(4) Joining and involving church, unions, clubs and other voluntary associations in your personal efforts to ensure that everyone everywhere is paid a just and living wage.

Of course, there is more to all of this.

For example, we could flesh out principles such as subsidiarity and how to apply it to various situations.

What subsidiarity never seems to mean in doctrine is that one leg is not responsible for social justice. All four legs are responsible - always and everywhere.

What subsidiarity seems to mean to me has to do with is whether to fix a leg where it connects to the table at the top, or where it touches the floor at the bottom, or somewhere in between.

If two legs are defective, subsidiarity may apply to a different point for each of the two legs, and the table top will not be stable until both legs are fixed.

There are other aspects of the Church's social teaching that we could delve into deeper.

What do we mean by rights and responsibilities, the universal destination of goods, the common good, participation, solidarity, a fundamental option for the poor, stewardship for the environment, the sanctity of human life, peace, and so forth?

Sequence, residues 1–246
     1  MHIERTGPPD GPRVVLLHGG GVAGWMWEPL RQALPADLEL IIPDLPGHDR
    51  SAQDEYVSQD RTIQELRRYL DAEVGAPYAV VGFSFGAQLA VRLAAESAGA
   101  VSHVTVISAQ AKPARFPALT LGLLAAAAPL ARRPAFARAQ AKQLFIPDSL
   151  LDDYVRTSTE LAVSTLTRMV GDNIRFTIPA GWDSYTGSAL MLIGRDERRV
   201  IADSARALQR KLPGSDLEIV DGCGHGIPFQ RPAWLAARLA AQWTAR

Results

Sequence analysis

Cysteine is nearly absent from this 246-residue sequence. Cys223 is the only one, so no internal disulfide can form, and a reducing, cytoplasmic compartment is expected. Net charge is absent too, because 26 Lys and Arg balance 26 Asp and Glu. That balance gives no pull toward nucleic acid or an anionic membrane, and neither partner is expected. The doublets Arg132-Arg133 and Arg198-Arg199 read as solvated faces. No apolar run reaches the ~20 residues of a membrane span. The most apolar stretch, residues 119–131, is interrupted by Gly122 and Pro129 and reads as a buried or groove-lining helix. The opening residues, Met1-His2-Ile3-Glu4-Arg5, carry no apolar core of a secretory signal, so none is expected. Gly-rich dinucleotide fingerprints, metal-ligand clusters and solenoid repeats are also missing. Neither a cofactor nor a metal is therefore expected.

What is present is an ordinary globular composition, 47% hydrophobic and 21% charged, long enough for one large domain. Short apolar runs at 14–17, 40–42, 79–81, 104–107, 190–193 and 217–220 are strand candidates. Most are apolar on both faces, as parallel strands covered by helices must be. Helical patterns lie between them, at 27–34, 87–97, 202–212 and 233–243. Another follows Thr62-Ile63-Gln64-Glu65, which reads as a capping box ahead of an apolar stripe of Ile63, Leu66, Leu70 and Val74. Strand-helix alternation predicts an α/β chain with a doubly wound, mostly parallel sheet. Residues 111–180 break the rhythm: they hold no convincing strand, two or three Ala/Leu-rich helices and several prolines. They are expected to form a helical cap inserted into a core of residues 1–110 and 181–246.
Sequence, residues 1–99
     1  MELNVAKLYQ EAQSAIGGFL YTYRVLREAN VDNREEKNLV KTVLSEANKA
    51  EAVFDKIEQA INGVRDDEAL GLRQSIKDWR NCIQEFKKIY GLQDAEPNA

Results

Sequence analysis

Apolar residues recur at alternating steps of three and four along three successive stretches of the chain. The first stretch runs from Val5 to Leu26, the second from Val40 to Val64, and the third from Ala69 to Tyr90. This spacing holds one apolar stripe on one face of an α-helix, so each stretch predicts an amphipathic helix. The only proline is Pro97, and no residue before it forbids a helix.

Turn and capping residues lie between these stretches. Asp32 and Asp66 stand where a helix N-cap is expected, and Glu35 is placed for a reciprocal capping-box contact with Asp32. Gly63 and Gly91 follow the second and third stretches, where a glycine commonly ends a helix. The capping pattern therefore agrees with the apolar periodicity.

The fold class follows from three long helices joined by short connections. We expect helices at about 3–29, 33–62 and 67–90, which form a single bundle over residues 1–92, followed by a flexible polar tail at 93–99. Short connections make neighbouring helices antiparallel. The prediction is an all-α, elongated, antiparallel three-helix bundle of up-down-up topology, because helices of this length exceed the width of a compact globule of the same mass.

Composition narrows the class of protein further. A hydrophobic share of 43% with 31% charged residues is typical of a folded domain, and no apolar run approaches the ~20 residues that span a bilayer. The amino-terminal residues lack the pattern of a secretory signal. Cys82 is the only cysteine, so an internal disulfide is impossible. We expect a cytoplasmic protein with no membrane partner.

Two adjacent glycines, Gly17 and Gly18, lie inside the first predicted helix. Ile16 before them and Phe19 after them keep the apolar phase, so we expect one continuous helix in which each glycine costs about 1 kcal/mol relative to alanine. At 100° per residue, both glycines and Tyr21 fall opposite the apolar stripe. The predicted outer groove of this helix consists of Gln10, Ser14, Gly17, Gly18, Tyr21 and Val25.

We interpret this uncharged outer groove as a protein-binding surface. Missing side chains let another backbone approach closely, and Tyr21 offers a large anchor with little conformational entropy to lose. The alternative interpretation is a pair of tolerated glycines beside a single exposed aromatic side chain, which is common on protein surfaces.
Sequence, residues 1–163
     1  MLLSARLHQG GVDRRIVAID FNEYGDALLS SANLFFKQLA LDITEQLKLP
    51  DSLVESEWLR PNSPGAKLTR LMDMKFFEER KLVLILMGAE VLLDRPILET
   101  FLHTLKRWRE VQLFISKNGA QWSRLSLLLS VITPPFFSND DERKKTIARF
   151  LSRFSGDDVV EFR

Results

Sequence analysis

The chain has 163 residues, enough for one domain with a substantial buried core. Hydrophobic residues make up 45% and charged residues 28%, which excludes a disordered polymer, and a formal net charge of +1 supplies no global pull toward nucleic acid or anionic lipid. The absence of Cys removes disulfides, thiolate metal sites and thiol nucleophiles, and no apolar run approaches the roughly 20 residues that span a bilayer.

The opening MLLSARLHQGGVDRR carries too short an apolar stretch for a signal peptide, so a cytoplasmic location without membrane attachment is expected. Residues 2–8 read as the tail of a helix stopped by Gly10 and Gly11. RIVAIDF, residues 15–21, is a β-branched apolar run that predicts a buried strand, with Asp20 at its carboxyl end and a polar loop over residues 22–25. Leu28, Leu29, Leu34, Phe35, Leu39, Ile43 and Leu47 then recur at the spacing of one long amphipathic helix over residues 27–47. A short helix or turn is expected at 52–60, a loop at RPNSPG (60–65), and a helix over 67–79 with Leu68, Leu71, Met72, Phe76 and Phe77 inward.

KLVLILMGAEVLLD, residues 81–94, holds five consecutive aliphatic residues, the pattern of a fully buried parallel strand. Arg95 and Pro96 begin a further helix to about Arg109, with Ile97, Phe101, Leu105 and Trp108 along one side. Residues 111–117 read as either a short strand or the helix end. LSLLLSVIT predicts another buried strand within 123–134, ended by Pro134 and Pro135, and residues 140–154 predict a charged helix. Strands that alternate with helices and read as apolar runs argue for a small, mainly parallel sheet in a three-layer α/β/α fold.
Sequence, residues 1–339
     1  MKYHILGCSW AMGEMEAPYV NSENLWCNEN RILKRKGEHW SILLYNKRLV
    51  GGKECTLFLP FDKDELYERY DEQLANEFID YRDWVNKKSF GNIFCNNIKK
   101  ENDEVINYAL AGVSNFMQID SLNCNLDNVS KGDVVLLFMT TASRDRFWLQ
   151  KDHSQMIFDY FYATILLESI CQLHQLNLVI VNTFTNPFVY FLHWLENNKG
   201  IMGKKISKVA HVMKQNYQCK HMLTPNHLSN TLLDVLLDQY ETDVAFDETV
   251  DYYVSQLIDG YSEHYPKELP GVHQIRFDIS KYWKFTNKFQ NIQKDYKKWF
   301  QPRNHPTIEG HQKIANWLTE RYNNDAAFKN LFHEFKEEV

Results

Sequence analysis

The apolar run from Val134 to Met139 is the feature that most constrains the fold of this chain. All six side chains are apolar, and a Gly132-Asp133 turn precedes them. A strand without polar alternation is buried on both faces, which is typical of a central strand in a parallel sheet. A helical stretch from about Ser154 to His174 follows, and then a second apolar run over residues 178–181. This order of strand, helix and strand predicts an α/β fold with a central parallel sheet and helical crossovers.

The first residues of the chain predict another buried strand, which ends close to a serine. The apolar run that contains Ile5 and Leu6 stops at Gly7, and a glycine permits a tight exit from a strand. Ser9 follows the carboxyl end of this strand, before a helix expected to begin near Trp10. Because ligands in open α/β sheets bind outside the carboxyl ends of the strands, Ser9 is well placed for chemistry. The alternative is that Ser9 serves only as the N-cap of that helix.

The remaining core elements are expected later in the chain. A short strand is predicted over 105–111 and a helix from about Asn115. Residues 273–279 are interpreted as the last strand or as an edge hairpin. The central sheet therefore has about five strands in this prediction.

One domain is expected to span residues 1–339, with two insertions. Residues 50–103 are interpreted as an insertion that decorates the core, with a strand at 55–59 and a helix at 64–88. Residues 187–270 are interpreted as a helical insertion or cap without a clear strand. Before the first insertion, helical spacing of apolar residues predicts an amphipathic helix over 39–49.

Simply defining all our terms could take a great deal of time and effort.

But none of that is what I set out to write about today.

Indeed, what I have outlined may seem overwhelmingly complex if it is to be considered morally binding on everyone.

And everything said so far is really to establish the topic I want to address, which I haven't even really got to yet.

The issue is the role of government and politics in social economic justice.

There are other types of injustice than economic injustice, so I want to narrow the focus a bit to zero in on an important point.

Whenever I bring up social economic justice on this blog, inevitably, someone wants to argue that morality cannot be imposed by the state, or that the Church needs to stay out of politics, or subsidiarity somehow absolves us from involving the state in intervening to address issues like poverty.

I see quotations from scripture taken out of context such as "the poor will always be with you" and "render to Caesar what is Caesar's".

Typically, people are arguing that the free market feeds more people than any other system, and too much tinkering with free markets could do more harm than good.